Ludwig von Mises (1881–1973)
One of the most notable economists and social philosophers of the twentieth century, Ludwig von Mises, in the course of a long and highly productive life, developed an integrated, deductive science of economics based on the fundamental axiom that individual human beings act purposively to achieve desired goals. Even though his economic analysis itself was “value-free”—in the sense of being irrelevant to values held by economists, Mises concluded that the only viable economic policy for the human race was a policy of unrestricted laissez-faire, of free markets and the unhampered exercise of the right of private property, with government strictly limited to the defense of person and property within its territorial area.
For Mises was able to demonstrate (a) that the expansion of free markets, the division of labor, and private capital investment is the only possible path to the prosperity and flourishing of the human race; (b) that socialism would be disastrous for a modern economy because the absence of private ownership of land and capital goods prevents any sort of rational pricing, or estimate of costs, and (c) that government intervention, in addition to hampering and crippling the market, would prove counter-productive and cumulative, leading inevitably to socialism unless the entire tissue of interventions was repealed.
Holding these views, and hewing to truth indomitably in the face of a century increasingly devoted to statism and collectivism, Mises became famous for his “intransigence” in insisting on a non-inflationary gold standard and on laissez-faire.
Effectively barred from any paid university post in Austria and later in the United States, Mises pursued his course gallantly. As the chief economic adviser to the Austrian government in the 1920s, Mises was single-handedly able to slow down Austrian inflation; and he developed his own “private seminar” which attracted the outstanding young economists, social scientists, and philosophers throughout Europe. As the founder of the “neo-Austrian School” of economics, Mises’s business cycle theory, which blamed inflation and depressions on inflationary bank credit encouraged by Central Banks, was adopted by most younger economists in England in the early 1930s as the best explanation of the Great Depression.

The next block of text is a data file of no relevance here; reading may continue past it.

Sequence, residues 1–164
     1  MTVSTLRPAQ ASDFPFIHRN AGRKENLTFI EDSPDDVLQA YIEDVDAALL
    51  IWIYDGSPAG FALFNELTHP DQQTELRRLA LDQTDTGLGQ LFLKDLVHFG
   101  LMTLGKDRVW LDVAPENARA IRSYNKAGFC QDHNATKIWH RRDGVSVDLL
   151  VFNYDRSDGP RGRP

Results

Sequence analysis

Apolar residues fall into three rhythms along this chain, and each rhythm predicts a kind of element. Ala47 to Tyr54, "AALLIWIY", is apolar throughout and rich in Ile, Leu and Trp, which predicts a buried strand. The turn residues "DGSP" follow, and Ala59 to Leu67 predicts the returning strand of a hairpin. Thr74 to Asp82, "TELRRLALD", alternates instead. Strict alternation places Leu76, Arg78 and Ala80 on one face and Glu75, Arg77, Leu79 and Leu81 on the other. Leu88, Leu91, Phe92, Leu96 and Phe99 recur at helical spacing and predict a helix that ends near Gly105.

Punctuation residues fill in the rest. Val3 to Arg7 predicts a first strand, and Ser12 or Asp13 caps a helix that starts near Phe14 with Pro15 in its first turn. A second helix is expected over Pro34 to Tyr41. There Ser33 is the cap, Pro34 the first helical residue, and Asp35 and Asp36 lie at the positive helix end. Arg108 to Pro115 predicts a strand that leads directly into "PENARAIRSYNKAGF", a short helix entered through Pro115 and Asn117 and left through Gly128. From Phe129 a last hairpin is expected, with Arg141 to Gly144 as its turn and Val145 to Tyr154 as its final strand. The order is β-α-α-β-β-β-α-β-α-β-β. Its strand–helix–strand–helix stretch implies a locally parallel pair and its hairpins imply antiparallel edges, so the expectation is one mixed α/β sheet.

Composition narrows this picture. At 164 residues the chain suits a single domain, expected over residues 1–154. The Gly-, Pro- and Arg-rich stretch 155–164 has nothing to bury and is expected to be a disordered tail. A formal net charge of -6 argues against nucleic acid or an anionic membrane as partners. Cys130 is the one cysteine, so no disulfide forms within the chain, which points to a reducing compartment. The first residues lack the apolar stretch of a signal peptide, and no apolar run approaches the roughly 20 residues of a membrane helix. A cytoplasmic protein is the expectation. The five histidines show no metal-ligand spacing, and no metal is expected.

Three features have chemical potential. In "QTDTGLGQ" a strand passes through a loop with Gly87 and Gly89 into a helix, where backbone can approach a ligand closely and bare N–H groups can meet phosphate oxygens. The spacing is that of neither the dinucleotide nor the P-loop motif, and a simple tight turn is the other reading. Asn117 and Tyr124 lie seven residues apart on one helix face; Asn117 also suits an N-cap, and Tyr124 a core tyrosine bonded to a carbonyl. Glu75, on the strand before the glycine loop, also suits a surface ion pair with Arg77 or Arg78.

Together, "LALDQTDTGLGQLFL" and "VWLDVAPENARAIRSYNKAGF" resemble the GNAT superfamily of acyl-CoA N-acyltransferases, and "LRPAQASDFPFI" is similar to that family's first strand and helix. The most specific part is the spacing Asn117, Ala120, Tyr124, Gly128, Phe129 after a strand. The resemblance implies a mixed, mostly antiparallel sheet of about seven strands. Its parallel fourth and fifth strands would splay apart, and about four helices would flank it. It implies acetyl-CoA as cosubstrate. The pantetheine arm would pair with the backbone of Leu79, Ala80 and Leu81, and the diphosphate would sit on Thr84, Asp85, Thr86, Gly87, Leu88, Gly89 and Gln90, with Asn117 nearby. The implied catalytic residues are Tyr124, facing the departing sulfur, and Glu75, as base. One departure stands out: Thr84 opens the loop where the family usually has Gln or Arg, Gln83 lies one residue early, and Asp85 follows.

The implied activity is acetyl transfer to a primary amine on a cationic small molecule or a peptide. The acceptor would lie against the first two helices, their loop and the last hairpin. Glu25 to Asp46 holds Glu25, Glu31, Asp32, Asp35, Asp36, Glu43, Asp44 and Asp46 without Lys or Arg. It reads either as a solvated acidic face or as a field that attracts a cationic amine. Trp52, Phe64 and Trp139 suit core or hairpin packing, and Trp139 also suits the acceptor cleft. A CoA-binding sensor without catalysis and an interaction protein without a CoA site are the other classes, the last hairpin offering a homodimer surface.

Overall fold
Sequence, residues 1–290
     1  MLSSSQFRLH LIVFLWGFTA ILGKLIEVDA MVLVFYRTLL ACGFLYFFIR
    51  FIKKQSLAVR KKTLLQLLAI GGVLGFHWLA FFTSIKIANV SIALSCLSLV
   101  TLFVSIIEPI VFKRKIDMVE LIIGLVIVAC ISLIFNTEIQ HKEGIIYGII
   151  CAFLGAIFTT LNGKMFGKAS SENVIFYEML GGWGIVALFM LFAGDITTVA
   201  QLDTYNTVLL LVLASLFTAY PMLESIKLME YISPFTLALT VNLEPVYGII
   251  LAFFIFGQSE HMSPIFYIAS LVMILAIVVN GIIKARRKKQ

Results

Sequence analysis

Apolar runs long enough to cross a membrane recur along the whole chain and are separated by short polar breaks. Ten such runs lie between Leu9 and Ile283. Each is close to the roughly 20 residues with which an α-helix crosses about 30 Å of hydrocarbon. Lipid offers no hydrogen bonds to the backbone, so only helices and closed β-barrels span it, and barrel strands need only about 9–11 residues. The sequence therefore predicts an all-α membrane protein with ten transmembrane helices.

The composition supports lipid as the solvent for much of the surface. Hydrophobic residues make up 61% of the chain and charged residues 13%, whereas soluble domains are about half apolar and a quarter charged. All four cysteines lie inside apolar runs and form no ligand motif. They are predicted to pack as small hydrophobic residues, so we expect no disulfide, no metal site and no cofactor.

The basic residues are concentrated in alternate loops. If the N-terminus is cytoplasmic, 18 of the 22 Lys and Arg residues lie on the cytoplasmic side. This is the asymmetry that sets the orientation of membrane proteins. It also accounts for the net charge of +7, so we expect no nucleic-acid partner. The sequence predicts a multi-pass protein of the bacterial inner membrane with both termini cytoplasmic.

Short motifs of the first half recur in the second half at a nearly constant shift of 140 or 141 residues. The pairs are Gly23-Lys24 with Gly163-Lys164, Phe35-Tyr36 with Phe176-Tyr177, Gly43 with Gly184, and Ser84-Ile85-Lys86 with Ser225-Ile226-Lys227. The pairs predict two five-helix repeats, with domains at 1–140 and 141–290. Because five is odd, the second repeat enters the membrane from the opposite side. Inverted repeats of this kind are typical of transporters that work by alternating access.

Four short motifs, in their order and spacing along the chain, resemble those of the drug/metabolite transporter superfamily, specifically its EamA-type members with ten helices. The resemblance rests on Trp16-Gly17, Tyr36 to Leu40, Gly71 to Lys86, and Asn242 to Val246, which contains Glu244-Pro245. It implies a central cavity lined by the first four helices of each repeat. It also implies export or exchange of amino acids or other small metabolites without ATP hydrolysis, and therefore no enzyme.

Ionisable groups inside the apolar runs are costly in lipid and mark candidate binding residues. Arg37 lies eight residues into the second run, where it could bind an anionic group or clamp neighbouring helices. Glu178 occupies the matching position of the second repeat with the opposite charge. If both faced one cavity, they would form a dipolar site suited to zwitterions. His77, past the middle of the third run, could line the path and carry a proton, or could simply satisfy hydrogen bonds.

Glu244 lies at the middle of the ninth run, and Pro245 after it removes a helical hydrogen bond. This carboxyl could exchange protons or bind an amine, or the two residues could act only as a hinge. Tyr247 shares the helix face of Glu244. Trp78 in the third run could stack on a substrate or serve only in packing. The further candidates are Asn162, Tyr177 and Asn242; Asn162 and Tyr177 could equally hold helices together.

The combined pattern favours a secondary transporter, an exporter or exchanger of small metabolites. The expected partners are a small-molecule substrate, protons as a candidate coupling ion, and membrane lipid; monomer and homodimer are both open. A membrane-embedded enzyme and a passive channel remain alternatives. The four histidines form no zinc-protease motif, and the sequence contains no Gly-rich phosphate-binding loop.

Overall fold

Having fled the Nazis to the United States, Mises did some of his most important work here. In over two decades of teaching, he inspired an emerging Austrian School in the United States. The year after Mises died in 1973, his most distinguished follower, F.A. Hayek, was awarded the Nobel Prize in economics for his work in elaborating Mises’s business cycle theory during the later 1920s and 1930s.
Mises was born on Sept 29, 1881, in the city of Lemberg (now Lvov) in Galicia, where his father, a Viennese construction engineer working for the Austrian railroads, was then stationed. Both Mises’s father and mother came from prominent Viennese families; his mother’s uncle, Dr Joachim Landau, served as deputy from the Liberal Party in the Austrian Parliament.
Entering the University of Vienna at the turn of the century as a leftist interventionist, the young Mises discovered Principles of Economics by Carl Menger, the founding work of the Austrian School of economics, and was quickly converted to the Austrian emphasis on individual action rather than unrealistic mechanistic equations as the unit of economics analysis, and to the importance of a free-market economy.
Mises became a prominent post-doctoral student in the famous University of Vienna seminar of the great Austrian economist Eugen von Bohm-Bawerk (among whose many accomplishments was the devastating refutation of the Marxian labor theory of value).
During this period, in his first great work, The Theory of Money and Credit (1912) Mises performed what had been deemed an impossible task: to integrate the theory of money into the general theory of marginal utility and price (what would now be called integrating “macroeconomics” into “microeconomics.”) Since Bohm-Bawerk and his other Austrian colleagues did not accept Mises’s integration and remained without a monetary theory, he was therefore obliged to strike out on his own and found a “neo-Austrian” school.
In his mone
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